Protestant Reformation

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The Protestant Reformation was the 16th century movement which led to the Protestant churches separating from the Roman Catholic Church. It is usually said to have started when Martin Luther nailed his 95 Theses to the door of a church in Wittenburg Germany. Protestants rejected what they perceived as false doctrines and malpractices within the Roman Catholic Church. These included the teaching and sale of indulgences, the buying and selling of church positions and the systemic corruption, which even reached to the position of the Pope, devotion to Mary and the saints rather than true Christianity which they saw as a matter of inward devotion to faith and God rather than outward symbols of ceremony and ritual, rejection of the authority of the Pope because they believed the only true authority to be the Bible which Protestants made available to all by publication of the Bible in the common language and universal education. The mandatory celibacy of the [[clergy], (as well as monasticism) were also rejected. During the reformation many Martyrs to the Protestant Faith were killed by Roman Catholics.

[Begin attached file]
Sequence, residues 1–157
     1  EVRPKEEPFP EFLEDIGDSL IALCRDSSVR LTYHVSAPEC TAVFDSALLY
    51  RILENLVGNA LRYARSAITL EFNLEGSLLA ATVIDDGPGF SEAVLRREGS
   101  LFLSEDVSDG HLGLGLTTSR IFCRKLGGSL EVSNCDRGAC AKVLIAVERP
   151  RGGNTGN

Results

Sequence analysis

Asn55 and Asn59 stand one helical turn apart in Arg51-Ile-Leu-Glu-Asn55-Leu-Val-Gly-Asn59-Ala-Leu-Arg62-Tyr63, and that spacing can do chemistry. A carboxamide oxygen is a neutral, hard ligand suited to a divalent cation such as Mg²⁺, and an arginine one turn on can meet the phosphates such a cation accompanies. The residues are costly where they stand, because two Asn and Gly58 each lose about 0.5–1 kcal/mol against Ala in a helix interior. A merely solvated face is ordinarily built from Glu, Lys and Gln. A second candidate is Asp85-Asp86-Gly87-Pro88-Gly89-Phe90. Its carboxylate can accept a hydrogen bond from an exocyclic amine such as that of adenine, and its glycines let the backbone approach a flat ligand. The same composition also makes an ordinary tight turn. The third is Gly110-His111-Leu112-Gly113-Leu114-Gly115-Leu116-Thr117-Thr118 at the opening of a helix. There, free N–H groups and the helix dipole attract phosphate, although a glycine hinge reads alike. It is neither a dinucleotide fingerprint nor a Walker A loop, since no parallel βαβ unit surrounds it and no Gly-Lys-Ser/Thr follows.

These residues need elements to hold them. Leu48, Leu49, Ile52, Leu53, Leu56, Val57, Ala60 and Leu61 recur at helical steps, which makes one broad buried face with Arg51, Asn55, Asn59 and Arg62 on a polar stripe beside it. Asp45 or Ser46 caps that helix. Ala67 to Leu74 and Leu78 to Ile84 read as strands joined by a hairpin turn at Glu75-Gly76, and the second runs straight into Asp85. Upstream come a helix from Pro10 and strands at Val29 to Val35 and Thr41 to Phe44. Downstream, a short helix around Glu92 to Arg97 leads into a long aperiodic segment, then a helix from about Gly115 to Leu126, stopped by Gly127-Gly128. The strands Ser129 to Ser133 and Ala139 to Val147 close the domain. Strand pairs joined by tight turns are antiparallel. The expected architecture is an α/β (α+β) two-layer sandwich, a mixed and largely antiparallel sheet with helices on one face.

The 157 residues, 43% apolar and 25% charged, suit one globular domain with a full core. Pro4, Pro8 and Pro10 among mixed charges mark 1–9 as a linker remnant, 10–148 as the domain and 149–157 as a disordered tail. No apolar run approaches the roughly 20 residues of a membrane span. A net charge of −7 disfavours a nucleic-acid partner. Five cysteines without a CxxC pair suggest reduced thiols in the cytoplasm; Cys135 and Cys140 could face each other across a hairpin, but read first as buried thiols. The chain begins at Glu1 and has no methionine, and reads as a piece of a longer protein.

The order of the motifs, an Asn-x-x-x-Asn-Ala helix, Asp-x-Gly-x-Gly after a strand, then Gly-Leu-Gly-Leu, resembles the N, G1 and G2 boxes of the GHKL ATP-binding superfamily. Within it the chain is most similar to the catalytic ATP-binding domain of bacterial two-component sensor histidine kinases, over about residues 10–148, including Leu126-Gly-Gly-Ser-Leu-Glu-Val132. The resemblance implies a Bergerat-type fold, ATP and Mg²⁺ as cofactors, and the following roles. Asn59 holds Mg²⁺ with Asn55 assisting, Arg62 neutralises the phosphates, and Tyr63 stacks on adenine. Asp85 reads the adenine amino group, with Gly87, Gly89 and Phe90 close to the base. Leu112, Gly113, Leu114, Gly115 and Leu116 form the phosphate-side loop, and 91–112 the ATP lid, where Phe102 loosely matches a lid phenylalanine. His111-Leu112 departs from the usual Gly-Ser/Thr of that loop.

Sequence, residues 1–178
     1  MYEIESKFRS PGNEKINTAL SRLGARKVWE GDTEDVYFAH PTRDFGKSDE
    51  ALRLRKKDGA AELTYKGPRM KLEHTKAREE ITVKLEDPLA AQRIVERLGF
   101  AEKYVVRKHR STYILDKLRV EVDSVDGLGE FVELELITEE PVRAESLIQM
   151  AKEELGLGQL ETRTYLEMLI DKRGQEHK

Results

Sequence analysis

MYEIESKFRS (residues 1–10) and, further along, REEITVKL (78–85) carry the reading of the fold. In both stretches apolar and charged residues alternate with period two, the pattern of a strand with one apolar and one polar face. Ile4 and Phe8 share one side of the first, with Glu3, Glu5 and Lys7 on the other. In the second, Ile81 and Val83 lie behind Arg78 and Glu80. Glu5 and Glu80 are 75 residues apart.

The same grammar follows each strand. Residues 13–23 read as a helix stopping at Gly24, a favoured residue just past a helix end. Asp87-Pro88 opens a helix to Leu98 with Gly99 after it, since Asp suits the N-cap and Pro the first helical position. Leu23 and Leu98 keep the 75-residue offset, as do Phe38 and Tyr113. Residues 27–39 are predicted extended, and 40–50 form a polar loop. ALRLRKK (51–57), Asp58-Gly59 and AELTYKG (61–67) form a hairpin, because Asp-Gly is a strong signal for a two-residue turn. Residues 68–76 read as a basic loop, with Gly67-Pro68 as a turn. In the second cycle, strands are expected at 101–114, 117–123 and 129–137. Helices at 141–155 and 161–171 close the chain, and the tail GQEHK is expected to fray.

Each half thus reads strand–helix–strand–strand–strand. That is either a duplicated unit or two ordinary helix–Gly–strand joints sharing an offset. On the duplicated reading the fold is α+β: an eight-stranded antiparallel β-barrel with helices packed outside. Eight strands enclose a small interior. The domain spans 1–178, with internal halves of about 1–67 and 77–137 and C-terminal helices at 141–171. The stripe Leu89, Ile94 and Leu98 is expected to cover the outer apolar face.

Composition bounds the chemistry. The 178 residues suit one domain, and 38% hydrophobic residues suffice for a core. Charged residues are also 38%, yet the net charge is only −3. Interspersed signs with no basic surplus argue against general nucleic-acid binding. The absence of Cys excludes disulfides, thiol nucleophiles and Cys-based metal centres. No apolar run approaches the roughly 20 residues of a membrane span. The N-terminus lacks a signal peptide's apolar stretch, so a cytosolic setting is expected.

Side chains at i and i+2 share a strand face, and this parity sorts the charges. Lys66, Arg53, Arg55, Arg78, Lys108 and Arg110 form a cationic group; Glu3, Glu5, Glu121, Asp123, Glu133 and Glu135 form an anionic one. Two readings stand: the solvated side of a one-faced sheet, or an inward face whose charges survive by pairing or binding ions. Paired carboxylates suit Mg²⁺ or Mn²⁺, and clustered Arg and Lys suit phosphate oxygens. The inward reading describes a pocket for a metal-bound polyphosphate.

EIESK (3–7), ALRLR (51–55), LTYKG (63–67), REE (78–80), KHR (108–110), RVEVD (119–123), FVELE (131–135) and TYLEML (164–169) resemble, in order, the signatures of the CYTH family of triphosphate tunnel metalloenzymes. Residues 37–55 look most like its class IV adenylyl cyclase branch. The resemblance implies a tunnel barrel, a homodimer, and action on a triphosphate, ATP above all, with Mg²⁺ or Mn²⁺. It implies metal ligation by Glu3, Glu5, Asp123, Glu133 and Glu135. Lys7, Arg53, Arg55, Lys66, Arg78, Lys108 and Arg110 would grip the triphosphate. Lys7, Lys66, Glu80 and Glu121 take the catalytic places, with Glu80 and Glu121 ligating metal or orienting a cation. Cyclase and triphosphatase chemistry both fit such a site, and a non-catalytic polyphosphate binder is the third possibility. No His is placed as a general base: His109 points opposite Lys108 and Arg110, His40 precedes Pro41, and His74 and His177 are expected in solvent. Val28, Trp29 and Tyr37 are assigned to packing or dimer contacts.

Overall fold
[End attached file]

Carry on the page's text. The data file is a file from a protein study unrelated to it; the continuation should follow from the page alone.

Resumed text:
Reformation Terms